January 8, 2015 at 3:59 pm EST | by Michael K. Lavers
D.C. march to honor Leelah Alcorn scheduled

Leelah Alcorn, gay news, Washington Blade

LGBT rights advocates are scheduled to hold a rally and march in D.C. on Saturday in response to the suicide of Leelah Alcorn (Image via Facebook)

A rally and march in response to last month’s suicide of a transgender Ohio teenager is scheduled to take place in Northwest D.C. on Saturday.

American University student Jes Grobman and Rev. Wendy Moen of First Trinity Lutheran Church are among those expected to speak at the rally that is slated to take place in Mount Vernon Square near the Walter E. Washington Convention Center at 2 p.m. The advocates are then scheduled to march to the Justice Department where they will read a list of demands that include a federal ban on so-called conversion therapy to minors.

The events will take place less than a month after Leelah Alcorn, 17, took her own life on an interstate outside of Cincinnati.

The teenager wrote on her Tumblr page before she committed suicide that her mother took her to “very biased” Christian therapists after learning “what transgender meant” at 14.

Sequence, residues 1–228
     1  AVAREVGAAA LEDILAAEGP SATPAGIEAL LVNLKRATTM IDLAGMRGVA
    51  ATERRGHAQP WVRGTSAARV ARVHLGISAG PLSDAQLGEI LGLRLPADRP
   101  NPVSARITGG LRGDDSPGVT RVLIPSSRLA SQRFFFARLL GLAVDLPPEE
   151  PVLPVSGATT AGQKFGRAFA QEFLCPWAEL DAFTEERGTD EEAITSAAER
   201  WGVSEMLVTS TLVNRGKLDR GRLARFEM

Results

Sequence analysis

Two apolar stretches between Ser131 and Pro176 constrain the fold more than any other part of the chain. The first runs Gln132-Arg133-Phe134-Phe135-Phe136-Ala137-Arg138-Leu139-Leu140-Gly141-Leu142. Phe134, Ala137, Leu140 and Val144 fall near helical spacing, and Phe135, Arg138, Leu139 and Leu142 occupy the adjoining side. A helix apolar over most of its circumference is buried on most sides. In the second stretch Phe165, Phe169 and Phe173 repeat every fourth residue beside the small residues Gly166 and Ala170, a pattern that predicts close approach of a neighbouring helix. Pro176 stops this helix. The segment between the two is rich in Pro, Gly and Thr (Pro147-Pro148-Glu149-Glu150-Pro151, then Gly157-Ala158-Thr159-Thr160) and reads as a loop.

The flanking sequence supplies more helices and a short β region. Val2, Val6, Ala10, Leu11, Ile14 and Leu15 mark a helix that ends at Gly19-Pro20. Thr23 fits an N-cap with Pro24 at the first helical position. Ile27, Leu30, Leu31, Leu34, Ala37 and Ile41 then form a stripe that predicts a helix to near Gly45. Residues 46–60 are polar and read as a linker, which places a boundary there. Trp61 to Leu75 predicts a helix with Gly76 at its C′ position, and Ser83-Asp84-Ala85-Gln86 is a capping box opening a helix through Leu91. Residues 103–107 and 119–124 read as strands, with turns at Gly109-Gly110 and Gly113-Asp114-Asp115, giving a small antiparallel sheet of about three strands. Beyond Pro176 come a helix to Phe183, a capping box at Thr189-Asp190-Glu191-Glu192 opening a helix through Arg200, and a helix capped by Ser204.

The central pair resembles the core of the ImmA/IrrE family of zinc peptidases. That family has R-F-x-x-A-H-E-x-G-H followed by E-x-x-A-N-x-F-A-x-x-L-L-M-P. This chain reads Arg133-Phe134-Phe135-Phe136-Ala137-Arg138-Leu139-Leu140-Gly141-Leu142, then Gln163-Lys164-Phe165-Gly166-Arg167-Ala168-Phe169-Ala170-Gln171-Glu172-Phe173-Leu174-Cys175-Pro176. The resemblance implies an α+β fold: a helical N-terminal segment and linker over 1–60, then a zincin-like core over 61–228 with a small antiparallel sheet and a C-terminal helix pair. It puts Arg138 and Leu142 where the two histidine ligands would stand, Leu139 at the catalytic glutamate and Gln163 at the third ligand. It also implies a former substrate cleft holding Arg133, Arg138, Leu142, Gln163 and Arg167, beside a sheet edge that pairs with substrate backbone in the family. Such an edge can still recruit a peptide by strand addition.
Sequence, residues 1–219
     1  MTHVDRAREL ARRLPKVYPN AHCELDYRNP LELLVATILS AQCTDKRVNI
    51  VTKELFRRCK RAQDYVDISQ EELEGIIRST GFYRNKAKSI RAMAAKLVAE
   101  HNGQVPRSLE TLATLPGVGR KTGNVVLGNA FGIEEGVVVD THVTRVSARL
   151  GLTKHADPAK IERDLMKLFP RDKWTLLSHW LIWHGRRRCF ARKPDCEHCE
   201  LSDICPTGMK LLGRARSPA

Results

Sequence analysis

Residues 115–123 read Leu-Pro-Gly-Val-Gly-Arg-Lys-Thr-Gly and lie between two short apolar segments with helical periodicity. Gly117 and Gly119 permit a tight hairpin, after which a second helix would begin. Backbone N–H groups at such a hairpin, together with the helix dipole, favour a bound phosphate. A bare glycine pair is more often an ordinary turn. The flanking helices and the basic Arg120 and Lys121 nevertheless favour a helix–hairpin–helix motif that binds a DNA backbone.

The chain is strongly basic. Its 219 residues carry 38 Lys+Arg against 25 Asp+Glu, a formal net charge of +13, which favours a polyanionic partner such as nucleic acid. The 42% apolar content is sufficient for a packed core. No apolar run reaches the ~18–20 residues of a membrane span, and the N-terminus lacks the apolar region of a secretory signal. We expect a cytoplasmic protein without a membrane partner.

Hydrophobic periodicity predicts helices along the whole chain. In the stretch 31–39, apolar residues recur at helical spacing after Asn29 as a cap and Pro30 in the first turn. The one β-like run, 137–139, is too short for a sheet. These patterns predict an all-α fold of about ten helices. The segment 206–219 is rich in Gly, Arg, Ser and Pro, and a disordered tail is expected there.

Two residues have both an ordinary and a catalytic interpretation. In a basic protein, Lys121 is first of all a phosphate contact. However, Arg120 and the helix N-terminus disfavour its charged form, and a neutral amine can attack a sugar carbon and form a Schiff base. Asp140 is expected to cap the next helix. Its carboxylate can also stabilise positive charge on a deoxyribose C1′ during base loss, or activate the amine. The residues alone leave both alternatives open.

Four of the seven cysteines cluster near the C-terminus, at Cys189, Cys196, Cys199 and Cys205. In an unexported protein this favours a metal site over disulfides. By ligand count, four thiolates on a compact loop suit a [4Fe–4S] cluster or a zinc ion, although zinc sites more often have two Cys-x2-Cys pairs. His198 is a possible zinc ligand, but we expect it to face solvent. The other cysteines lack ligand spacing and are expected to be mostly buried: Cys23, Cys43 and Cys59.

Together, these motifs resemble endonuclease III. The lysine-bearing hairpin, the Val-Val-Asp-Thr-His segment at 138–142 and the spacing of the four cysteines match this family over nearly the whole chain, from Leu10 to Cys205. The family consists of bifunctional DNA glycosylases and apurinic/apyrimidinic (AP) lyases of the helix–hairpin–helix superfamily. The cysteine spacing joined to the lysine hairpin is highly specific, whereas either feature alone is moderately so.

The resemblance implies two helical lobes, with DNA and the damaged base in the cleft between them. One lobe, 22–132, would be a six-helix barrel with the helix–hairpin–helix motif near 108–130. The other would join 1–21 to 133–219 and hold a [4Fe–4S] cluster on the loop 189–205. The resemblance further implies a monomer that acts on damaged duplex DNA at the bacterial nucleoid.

Alcorn said she came out to her parents as gay because she thought it would prove “less of a shock” to them. She wrote in her suicide note that they instead withdrew her from school, took away her laptop and phone and refused to allow her to see her friends.

“Leelah called for us to fix society, which means improving it for not only people in her situation, but to address problems that other trans people face,” said organizers of the D.C. protest in a Facebook post.

Michael K. Lavers is the international news editor of the Washington Blade. Follow Michael

1 Comment
  • I am Frank "Mike" Davis, Next-Door-Neighbor of Leelah Alcorn and Husband of Annie Davis, writing this Comment: I Appreciate and Applaud Cincinnati Councilman Chris Seelbach's Support of Leelah Alcorn. Leelah went to school with my children, and Leelah expressed her utter devastation when Leelah's parents, upon learning she was "gay", yanked Leelah from school, confiscated Leelah's cell phone, deleted Leelah's facebook profile, and isolated Leelah within her bedroom. She was no longer permitted to associate with my son who shared classes with Leelah at Kings High School. My son supported Leelah's "coming out" and was one of few people who knew about Leelah's transgender issues. …Leelah was always kind and soft spoken around me. I deeply regret that Leelah was forbidden to visit our home because my family has always wholeheartedly accepted Leelah without judgment and, maybe…just maybe…this tragedy would not have occurred if we could have shown our love and support for Leelah.

    …When the grief has been processed, Leelah's parents need to admit and to believe that they made a mistake, rather than sanitize Leelah's suicide, before any healing and closure may occur within our Community.

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